• Rachel Paige

The Extrovert Mask

This world is designed for extroverts. Public school is designed for extroverts. Work environments are designed for extroverts. Summer camps are designed for extroverts. So what should introverts do to enjoy the world without becoming overwhelmed by it?

A few weeks ago, I was a counselor at a week-long summer camp. I was in charge of a cabin of seven little girls, led activities, and talked to kids all week long. I was an extrovert all week long.

For two and a half years, I worked in a busy movie theater. One with lots of people and loud music in the lobby. Every shift, I greeted customers with a smile, interacted with coworkers, and sometimes trained new employees. I was an extrovert every shift.

I hated public school. I hated group projects, reading aloud, and being around that many people. I hated it so much that I took online classes and graduated a year early. It forced me to be an extrovert every day.

But that’s just the way life is. I’m not going to stop going to camp because I’m an introvert. I love camp; I’ve been going for thirteen years. I’m not going to quit my job. And yes, I graduated high school early, but I didn’t drop out and I’m still in college.

I still need to function as an introvert in an extroverted world. Specifically, an introvert with social anxiety. I needed to figure out what I needed in order to do that. Here’s what I found.

Introvert time. When I’d get home from work, I needed time by myself. I couldn’t go right from work to another event. I need a day after camp to recover. I need time after class to be by myself. Introvert time is whatever I want it to be, but I need to make sure it happens so I can recharge.

Water. I carry my water bottle everywhere. Drinking water helps calm me down and you can't talk if you’re drinking water so you get a few seconds of a break. Plus, the more water you drink, the more bathroom breaks you’ll take. Win-win. Which brings me to the next one.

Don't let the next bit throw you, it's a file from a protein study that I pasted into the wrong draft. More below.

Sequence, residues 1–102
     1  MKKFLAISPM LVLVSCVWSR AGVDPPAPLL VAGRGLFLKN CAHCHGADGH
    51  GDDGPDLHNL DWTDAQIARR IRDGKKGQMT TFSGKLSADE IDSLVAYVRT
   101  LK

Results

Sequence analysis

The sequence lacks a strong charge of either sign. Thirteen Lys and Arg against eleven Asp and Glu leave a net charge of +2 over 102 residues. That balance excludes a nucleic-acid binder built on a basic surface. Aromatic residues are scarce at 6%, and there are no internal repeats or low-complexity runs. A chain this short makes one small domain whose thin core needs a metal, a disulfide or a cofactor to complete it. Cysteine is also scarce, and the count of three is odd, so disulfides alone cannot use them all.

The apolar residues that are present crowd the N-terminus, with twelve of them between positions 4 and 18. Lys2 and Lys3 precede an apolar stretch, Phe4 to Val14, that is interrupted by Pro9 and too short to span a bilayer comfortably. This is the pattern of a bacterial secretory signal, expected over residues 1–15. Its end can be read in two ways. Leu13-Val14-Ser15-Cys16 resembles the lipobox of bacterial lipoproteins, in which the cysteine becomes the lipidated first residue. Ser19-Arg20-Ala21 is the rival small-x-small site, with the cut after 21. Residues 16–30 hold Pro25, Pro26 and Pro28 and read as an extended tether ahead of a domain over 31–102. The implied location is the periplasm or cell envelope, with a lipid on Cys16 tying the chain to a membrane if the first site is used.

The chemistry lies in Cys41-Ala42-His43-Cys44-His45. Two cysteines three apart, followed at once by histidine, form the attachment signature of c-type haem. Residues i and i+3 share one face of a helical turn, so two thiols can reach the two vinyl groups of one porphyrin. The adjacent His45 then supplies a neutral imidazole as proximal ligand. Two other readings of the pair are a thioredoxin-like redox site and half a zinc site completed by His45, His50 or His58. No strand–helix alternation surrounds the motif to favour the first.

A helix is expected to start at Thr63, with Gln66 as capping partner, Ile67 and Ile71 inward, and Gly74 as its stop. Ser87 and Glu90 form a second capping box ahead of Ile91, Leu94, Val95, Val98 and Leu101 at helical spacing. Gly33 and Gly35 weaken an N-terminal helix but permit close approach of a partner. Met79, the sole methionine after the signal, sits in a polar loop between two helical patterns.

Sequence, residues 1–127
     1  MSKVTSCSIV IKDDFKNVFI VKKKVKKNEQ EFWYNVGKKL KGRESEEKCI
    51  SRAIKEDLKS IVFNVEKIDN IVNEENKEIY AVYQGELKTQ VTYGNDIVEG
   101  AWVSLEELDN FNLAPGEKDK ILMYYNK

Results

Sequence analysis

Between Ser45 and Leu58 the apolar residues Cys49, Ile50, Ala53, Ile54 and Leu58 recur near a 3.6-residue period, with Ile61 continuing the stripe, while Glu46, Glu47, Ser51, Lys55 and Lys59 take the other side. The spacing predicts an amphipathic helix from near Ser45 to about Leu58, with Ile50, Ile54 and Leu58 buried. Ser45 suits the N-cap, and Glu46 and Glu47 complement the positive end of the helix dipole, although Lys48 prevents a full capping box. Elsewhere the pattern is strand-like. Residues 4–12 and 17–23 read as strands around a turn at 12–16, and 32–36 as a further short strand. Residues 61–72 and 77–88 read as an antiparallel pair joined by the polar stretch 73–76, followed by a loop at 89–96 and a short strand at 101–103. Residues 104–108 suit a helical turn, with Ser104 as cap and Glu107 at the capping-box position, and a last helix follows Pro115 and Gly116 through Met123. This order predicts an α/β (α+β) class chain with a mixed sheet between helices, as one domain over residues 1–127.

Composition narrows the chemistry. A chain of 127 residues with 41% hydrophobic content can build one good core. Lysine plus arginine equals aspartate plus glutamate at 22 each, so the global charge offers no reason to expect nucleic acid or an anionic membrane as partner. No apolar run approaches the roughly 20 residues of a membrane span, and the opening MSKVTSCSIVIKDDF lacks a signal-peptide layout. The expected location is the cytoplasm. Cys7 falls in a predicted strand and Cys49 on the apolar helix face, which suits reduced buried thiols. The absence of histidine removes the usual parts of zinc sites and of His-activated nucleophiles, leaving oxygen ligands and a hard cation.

Breaks. People really don’t care if you step out for a few minutes, and the bathroom is always a good excuse. At camp, I take kids to the bathroom all the time, or I give myself a breather between events. At work, I’d be the first to volunteer to grab something from the stockroom. At school, I’d say I had to go to the bathroom or refill my water bottle when I felt overwhelmed, then I’d go on a short walk down the hallway. Which brings us to…

Walks. Personally, I can't think unless I’m moving. Walking helps me recharge and even a short walk down a school hallway works. When I worked at the movie theater, I walked two miles there and two miles back to my dorm every shift. I could have gotten rides, but I needed those walks. I needed that half hour to think before and after each shift.

I can pretend to be an extrovert when I need to, but I can't forget that I’m not. I have to remind myself to take breaks, walks, or breaths. I have to let myself recharge enough to have the energy to make it through the shift, class, or camp.

It’s possible to be an extrovert, or to fake being one. The key is to check in on yourself. If you’re overwhelmed or drained, step out. Recharge for a minute and go back. Recharge before you leave. Recharge when you get home. Let yourself recharge and don’t let yourself be drained by the rest of the world.

You can be part of it and you can enjoy it, and you can do both without running yourself ragged.

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